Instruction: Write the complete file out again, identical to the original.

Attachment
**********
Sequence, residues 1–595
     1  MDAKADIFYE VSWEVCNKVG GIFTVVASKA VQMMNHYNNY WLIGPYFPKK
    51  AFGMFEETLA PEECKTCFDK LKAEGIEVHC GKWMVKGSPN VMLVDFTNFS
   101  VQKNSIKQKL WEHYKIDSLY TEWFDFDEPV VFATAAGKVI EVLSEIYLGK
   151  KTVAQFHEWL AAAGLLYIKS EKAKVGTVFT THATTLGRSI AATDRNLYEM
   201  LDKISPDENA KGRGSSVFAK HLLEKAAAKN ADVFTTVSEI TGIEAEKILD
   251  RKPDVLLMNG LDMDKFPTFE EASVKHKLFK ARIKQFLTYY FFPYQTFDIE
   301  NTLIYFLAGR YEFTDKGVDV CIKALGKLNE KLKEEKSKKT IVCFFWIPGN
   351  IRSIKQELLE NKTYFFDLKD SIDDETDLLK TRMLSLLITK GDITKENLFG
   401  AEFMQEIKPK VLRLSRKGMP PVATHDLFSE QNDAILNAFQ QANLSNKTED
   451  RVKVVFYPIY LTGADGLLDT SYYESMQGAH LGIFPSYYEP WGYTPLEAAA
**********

Sequence, residues 1–595
     1  MDAKADIFYE VSWEVCNKVG GIFTVVASKA VQMMNHYNNY WLIGPYFPKK
    51  AFGMFEETLA PEECKTCFDK LKAEGIEVHC GKWMVKGSPN VMLVDFTNFS
   101  VQKNSIKQKL WEHYKIDSLY TEWFDFDEPV VFATAAGKVI EVLSEIYLGK
   151  KTVAQFHEWL AAAGLLYIKS EKAKVGTVFT THATTLGRSI AATDRNLYEM
   201  LDKISPDENA KGRGSSVFAK HLLEKAAAKN ADVFTTVSEI TGIEAEKILD
   251  RKPDVLLMNG LDMDKFPTFE EASVKHKLFK ARIKQFLTYY FFPYQTFDIE
   301  NTLIYFLAGR YEFTDKGVDV CIKALGKLNE KLKEEKSKKT IVCFFWIPGN
   351  IRSIKQELLE NKTYFFDLKD SIDDETDLLK TRMLSLLITK GDITKENLFG
   401  AEFMQEIKPK VLRLSRKGMP PVATHDLFSE QNDAILNAFQ QANLSNKTED
   451  RVKVVFYPIY LTGADGLLDT SYYESMQGAH LGIFPSYYEP WGYTPLEAAA